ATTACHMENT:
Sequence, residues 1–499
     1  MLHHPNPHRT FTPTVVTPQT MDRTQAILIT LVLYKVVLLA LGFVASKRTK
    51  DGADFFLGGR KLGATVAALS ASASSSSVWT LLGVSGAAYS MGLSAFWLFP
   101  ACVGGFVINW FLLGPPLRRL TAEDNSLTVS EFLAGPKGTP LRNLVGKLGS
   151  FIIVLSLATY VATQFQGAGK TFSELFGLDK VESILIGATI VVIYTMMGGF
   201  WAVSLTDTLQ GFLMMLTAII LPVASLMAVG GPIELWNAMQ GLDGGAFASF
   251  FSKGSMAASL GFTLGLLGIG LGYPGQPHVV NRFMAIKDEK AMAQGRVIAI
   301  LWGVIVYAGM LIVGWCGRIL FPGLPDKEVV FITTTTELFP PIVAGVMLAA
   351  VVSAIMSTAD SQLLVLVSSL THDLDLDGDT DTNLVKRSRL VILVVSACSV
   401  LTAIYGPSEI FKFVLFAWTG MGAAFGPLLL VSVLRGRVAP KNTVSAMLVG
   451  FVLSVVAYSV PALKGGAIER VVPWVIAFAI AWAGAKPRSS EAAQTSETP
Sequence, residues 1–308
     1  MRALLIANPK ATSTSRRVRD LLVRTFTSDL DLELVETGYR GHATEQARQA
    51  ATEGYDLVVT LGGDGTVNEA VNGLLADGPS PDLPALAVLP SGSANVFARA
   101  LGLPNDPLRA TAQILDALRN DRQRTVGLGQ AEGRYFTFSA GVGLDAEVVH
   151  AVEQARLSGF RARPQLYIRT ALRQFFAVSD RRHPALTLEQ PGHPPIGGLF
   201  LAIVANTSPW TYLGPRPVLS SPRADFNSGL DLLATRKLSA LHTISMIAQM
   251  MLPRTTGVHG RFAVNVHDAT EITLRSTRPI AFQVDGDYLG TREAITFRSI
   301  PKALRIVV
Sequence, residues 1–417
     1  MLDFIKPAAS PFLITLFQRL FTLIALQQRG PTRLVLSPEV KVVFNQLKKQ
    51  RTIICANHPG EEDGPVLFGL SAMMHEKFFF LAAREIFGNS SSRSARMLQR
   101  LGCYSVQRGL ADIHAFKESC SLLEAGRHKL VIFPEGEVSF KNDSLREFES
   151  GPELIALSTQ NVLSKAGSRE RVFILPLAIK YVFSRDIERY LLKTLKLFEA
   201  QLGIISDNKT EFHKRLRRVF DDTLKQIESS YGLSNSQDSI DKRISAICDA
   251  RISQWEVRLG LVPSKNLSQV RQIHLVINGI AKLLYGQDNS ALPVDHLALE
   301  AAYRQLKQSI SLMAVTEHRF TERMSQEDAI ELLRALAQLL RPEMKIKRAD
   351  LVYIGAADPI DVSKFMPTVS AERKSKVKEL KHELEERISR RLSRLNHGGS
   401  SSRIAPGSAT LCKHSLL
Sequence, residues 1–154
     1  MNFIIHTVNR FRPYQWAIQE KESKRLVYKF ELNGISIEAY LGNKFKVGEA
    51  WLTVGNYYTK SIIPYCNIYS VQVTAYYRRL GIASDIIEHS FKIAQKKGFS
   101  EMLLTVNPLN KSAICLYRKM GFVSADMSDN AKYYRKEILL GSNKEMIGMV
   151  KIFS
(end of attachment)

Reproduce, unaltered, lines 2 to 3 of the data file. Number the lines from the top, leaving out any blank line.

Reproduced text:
     1  MLHHPNPHRT FTPTVVTPQT MDRTQAILIT LVLYKVVLLA LGFVASKRTK
    51  DGADFFLGGR KLGATVAALS ASASSSSVWT LLGVSGAAYS MGLSAFWLFP